Arthur Wang still remembers what his primary school teacher told him about the Chinese national flag.
- Patriotic education is compulsory in China
- It was introduced following the 1989 Tiananmen Square student protest
- Chinese President Xi Jinping wants to strengthen it further
“If the flag falls on the ground, you must pick it up immediately,” the 21-year-old Chinese international student said.
He remembered reading stories from textbooks about Chinese Communist Party (CCP) members during the historic Long March in 1934-1935 that led to Mao Zedong becoming the leader of the party.
He also recalled learning about the soldiers who lost their lives during China’s anti-Japanese war in the 1930s.
Mr Wang, originally from Harbin in north-east China, moved to Melbourne to study in 2015, and said what he learned at school as a child still has an impact on him today.
“I think I’m a patriot,” he said.
“If I experience discrimination or I’m looked down on [because of my Chinese identity], I will stand up and fight against it.”
Training generations of patriots
China has a long history of ideological teachings, but its compulsory patriotic education curriculum was systematically rolled out in 1994, after the 1989 student protests and the Tiananmen Square massacre.
It was also partly triggered by the decline of authoritarian governments in Eastern Europe and the fall of the Soviet Union.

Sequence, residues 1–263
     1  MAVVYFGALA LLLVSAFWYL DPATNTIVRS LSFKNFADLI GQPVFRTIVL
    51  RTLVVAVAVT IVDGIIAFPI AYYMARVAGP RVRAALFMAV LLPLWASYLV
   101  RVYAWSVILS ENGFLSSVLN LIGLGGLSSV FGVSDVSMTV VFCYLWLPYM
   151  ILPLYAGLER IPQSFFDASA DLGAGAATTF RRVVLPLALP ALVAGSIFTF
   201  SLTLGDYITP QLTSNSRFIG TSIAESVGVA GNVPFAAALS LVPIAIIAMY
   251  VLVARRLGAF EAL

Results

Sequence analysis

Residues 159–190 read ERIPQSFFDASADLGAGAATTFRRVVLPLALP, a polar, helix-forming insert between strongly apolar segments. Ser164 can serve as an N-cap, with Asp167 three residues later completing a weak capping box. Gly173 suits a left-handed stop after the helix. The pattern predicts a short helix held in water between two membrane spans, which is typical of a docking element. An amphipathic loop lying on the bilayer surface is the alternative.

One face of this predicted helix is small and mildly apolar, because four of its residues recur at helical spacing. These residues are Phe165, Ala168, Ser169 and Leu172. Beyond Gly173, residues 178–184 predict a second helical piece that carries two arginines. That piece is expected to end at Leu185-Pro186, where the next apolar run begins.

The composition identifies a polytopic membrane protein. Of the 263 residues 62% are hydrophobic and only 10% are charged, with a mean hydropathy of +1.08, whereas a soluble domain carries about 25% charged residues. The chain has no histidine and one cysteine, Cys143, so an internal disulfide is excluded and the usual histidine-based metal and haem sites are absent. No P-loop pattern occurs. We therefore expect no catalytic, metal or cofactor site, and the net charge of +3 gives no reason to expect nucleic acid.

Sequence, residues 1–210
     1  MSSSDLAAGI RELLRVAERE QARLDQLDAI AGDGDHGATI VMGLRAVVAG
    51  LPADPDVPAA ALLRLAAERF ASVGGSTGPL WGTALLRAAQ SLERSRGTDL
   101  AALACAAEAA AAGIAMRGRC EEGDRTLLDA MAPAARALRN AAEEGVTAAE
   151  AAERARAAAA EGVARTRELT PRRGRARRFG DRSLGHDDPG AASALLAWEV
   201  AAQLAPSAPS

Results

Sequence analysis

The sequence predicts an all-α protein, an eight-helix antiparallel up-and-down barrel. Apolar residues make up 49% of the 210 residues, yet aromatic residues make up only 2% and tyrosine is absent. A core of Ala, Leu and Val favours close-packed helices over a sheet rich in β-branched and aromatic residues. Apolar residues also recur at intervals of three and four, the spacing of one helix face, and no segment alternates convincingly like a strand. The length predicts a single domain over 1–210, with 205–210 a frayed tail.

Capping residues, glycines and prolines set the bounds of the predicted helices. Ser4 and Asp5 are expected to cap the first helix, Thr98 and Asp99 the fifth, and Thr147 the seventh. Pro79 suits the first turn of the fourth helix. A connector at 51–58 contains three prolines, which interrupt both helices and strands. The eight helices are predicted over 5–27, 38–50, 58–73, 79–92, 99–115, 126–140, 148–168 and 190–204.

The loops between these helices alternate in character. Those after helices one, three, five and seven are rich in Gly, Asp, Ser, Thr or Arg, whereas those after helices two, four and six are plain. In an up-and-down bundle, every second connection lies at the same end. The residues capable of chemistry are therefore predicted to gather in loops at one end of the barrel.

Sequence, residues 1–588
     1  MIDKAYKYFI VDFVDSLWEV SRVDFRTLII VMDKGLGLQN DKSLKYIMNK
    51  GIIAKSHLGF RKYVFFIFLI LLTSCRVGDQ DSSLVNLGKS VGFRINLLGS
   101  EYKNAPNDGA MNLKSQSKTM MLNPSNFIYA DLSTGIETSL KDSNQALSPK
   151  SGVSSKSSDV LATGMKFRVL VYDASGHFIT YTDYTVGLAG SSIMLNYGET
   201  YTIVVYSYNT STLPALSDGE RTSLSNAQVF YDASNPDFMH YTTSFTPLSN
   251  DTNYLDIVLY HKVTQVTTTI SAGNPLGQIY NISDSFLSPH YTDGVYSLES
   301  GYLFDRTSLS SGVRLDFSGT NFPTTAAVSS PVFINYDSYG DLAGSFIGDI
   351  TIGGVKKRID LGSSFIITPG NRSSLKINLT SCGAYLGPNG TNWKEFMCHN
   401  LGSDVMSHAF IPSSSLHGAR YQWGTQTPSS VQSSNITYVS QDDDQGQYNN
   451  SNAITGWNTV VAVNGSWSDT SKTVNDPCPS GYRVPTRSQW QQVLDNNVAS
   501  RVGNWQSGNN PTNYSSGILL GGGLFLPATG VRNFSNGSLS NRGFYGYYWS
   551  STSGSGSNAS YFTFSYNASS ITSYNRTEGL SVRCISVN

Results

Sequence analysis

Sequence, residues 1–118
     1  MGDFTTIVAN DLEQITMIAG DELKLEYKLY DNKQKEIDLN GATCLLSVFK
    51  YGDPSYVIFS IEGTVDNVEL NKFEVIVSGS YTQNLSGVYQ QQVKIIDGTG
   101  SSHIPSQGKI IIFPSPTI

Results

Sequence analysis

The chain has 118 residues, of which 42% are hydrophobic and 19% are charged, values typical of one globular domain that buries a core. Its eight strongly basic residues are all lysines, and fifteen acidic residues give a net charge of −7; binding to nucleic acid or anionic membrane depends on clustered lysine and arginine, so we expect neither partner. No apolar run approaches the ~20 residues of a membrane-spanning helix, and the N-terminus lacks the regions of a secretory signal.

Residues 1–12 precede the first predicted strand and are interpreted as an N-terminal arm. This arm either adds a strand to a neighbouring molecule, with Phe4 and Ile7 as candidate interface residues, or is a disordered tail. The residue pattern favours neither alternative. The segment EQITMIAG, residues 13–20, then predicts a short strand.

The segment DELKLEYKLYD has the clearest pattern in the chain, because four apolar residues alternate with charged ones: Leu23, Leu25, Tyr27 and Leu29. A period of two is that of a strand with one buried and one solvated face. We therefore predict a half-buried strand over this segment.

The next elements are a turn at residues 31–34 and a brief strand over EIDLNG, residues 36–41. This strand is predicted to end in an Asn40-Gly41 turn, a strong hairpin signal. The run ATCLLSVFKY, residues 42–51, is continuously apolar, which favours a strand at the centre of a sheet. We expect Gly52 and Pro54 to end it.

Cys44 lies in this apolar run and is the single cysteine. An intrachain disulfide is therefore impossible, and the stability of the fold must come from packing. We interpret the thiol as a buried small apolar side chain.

It includes teachings on the “hundred years of humiliation” concept — an account of China’s history from the 19th to 20th century, with emphasis on China being “bullied” by Western forces.
“It’s telling a specific story of Chinese history that highlights how problems don’t come from China but from abroad, and we as Chinese [people] have to defend ourselves,” William A Callahan, international relations professor from the London School of Economics and Political Science, told the ABC.
Barry Li, 39, moved to Sydney to study in 2004, and was among the first generation of Chinese youths to receive the patriotic lessons.
He told the ABC the subject of “morality and politics” was one of the most memorable, for teaching him the “basic lessons of being a good person” — from having good hygiene to remaining diligent.
He said he learned about how the country and the CCP operated, including that China and the ruling party come as a “package deal”.
“[It implied] you need to love the country and the party [together],” he said.
“When you’re young, you think [patriotic education] is a natural part of your life,” Mr Li said, adding that he never questioned what was taught to him.
But many international students told the ABC that China wasn’t alone in this, highlighting that Australia has a form of patriotic education when it comes to ANZAC memorials and Australia Day, for example.
Patriotic education in films and cartoons
The ideological teaching also goes beyond the classroom.
Mona Ma, a 30-year-old international student in Melbourne, recalled going on school trips to learn about Chinese history.
She said students were asked to paint pictures and write columns on blackboards to celebrate important days such as China’s Children’s Day, National Day and Chinese Communist founding day.
She also recalled flag-raising ceremonies every Monday where students were required to “dress properly” and wear a red scarf — a symbol of the Young Pioneers of China, a youth organisation affiliated with the CCP.
Professor Callahan said patriotic education has been one of “the longest successful propaganda campaigns” in China.
“One of the ways to understand the success of patriotic education is that it’s a multimedia campaign, that it’s everywhere,” he said.